10. Lightly Sand

Once the primer is dry, lightly sand the surface with 220-grit sandpaper. Pay attention to areas of the cabinets where primer might pool and dry, like in the corners or where vertical and horizontal surfaces meet.

Use the shop vac and drop cloth to clean the cabinets one more time.

11. Time to Paint

Start with painting the doors and drawers. You can stand them to dry while working on the cabinets. Leave the paint to dry for 24/48 hours, then give the other side a fresh coat.

Always work in the direction of the grain, using smooth continuous strokes. It’s better to lay down a thinner layer, especially in areas with more detail, like recesses and moldings.

Use the microfiber roller for the flat areas of the cabinet, again working with the grain. You can also use the roller to smooth out the brush strokes. It reduces the risk of pooling and drips that gather in the more ornate areas of the cabinet.

12. Lightly Sand (Again)

Grab the 220-grit sandpaper and gently scuff the first paint layer. This ensures zero brush marks, and drips and pooling are dealt with before the second coat goes on.

When you’ve finished sanding, suck up the excess dust with the shop vac and run a tack cloth over the surface.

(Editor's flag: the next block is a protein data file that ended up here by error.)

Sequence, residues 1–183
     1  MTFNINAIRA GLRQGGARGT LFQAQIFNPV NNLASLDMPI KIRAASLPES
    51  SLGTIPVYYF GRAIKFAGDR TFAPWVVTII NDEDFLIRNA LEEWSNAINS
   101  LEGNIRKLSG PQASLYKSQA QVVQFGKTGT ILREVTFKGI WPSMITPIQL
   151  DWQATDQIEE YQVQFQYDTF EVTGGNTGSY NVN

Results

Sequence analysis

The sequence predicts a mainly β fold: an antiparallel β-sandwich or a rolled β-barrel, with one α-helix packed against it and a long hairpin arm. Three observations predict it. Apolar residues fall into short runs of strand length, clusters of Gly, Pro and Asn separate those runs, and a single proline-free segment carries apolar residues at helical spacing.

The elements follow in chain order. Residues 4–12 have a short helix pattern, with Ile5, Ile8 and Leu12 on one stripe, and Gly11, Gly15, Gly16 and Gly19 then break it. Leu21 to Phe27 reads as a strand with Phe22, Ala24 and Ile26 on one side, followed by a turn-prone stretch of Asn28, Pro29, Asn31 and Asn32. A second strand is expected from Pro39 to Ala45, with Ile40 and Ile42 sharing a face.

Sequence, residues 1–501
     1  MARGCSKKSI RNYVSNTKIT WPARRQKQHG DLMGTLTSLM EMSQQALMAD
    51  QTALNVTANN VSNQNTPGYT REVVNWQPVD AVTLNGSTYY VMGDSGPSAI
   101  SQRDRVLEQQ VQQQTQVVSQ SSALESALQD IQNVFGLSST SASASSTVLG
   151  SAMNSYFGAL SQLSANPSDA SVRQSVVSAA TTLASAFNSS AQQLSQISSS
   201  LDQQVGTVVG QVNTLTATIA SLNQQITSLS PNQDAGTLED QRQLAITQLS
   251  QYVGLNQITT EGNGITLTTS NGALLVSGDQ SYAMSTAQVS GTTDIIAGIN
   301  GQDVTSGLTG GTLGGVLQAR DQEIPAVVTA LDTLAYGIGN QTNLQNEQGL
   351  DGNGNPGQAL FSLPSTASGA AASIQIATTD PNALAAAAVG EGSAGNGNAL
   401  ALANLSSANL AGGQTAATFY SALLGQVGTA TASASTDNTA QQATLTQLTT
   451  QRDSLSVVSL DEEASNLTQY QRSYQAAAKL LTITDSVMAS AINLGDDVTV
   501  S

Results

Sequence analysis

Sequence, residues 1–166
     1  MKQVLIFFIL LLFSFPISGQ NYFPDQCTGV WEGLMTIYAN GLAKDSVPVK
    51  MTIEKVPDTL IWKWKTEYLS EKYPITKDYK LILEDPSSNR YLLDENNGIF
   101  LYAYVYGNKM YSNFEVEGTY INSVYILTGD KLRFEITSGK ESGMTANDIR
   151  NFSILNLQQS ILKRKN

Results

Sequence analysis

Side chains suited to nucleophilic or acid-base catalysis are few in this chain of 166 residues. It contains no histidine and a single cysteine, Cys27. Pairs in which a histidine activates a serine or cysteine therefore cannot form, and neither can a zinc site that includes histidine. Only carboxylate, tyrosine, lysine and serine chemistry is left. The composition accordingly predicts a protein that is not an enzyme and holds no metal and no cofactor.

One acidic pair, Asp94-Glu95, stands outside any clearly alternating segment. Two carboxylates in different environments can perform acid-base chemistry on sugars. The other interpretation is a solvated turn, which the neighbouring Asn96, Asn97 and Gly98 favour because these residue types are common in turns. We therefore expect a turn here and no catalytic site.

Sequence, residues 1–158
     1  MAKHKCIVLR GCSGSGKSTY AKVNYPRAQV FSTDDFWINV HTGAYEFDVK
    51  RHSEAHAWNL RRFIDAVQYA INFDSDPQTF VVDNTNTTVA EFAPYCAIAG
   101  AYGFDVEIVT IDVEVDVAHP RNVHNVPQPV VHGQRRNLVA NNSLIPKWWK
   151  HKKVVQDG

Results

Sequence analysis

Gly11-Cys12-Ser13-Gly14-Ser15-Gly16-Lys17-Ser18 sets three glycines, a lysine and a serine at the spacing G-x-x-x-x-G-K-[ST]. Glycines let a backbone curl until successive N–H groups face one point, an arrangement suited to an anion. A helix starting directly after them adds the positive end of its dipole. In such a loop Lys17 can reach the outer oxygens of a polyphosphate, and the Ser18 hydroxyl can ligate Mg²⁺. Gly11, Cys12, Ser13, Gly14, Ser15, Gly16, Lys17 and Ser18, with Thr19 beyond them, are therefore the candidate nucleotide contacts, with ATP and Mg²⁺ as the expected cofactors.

13. Apply the Second Coat

Work in the direction of the wood grain, using the brush for the intricate bits and the roller for flat surfaces. Do the doors and drawers before moving onto the cabinets and drawer boxes.

Allow the paint to dry for another 24 hours before doing the other side of the doors and drawer fronts.

14. Reattach the Hardware

Screw the handles and hinges back onto the doors before you reinstall them. It makes the process easier and quicker.

15. Attach the Doors and Drawers

Following the numbers on the cabinets, match the doors and drawers to the correct label. Once you’ve completed this task, pat yourself on the back and admire your handy work.

How to Paint Kitchen Cabinets Without Sanding

It is possible to paint kitchen cabinets without sanding, but only if the woodwork is in good condition. If there are dents and blemishes, you will need to use a filler, which requires sanding before painting.

Chalk paint is “no prep,” so you can use it without sanding. It dries flat to hide blemishes and dents, and it can be distressed to create a shabby-chic look, which hides imperfections.

How to Eliminate Brush Marks on Cabinets

Sometimes you do all the prep work, and still, you have brush marks when the paint has dried. Never fear because there is always a solution.

Using 220-grit sandpaper, gently rub the surface with 220-grit sandpaper. Don’t rub too hard; just enough to remove the brush strokes. Once you’ve cleaned the surface, apply a thin coat of paint and wait while it dries.

The good news is that you can repeat this procedure as often as you like until you get the desired finish.

Painting Techniques for a Smooth Finish

What special techniques and tips do the pros use to get the smoothest finish? Let’s take a look.

Don’t Skip the Prep

The prep work is crucial. Full stop. Not up for discussion. If you try to cut corners, you will end up with a substandard finish and rue the day you allowed yourself to be lazy.